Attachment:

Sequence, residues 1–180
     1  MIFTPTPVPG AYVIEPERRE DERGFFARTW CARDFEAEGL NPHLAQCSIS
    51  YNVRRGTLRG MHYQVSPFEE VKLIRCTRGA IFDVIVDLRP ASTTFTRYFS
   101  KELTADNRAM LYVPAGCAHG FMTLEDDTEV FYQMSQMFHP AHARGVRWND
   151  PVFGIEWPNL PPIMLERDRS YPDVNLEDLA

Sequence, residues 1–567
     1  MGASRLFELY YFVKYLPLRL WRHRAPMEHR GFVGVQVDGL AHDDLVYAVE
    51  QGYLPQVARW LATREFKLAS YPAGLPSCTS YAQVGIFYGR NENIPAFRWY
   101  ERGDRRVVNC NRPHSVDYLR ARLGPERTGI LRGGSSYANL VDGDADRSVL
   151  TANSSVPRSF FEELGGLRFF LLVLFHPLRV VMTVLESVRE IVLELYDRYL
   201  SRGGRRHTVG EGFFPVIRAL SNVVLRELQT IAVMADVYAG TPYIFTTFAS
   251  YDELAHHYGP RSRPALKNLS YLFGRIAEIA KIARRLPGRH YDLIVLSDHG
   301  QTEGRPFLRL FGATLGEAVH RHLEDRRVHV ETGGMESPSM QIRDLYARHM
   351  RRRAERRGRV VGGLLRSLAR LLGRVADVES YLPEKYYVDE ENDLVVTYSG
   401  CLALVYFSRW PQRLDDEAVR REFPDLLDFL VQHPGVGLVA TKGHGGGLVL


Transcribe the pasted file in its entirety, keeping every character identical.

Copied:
Sequence, residues 1–180
     1  MIFTPTPVPG AYVIEPERRE DERGFFARTW CARDFEAEGL NPHLAQCSIS
    51  YNVRRGTLRG MHYQVSPFEE VKLIRCTRGA IFDVIVDLRP ASTTFTRYFS
   101  KELTADNRAM LYVPAGCAHG FMTLEDDTEV FYQMSQMFHP AHARGVRWND
   151  PVFGIEWPNL PPIMLERDRS YPDVNLEDLA

Sequence, residues 1–567
     1  MGASRLFELY YFVKYLPLRL WRHRAPMEHR GFVGVQVDGL AHDDLVYAVE
    51  QGYLPQVARW LATREFKLAS YPAGLPSCTS YAQVGIFYGR NENIPAFRWY
   101  ERGDRRVVNC NRPHSVDYLR ARLGPERTGI LRGGSSYANL VDGDADRSVL
   151  TANSSVPRSF FEELGGLRFF LLVLFHPLRV VMTVLESVRE IVLELYDRYL
   201  SRGGRRHTVG EGFFPVIRAL SNVVLRELQT IAVMADVYAG TPYIFTTFAS
   251  YDELAHHYGP RSRPALKNLS YLFGRIAEIA KIARRLPGRH YDLIVLSDHG
   301  QTEGRPFLRL FGATLGEAVH RHLEDRRVHV ETGGMESPSM QIRDLYARHM
   351  RRRAERRGRV VGGLLRSLAR LLGRVADVES YLPEKYYVDE ENDLVVTYSG
   401  CLALVYFSRW PQRLDDEAVR REFPDLLDFL VQHPGVGLVA TKGHGGGLVL